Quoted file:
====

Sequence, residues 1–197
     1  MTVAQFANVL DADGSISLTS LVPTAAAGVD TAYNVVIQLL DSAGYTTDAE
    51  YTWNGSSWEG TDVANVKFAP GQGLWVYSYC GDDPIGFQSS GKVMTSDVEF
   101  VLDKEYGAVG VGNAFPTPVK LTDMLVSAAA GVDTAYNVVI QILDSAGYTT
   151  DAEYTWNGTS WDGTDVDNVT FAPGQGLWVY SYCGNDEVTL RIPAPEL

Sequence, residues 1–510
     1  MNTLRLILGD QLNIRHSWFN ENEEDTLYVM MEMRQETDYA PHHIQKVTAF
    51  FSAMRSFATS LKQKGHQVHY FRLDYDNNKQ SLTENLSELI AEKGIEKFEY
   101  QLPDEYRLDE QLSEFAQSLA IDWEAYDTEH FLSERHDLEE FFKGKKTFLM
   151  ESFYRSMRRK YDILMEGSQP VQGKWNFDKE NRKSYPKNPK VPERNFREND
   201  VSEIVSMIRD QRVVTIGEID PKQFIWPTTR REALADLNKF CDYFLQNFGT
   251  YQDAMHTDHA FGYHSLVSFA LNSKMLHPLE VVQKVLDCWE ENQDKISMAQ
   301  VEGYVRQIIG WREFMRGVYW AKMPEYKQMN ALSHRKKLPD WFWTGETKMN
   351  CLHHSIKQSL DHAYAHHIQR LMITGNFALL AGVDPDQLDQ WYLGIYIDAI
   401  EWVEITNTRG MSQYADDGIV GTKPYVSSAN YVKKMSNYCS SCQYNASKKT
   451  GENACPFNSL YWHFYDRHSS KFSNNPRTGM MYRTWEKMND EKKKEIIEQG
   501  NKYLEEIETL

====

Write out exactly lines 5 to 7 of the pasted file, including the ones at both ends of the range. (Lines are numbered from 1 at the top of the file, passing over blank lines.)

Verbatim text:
   151  DAEYTWNGTS WDGTDVDNVT FAPGQGLWVY SYCGNDEVTL RIPAPEL

Sequence, residues 1–510
     1  MNTLRLILGD QLNIRHSWFN ENEEDTLYVM MEMRQETDYA PHHIQKVTAF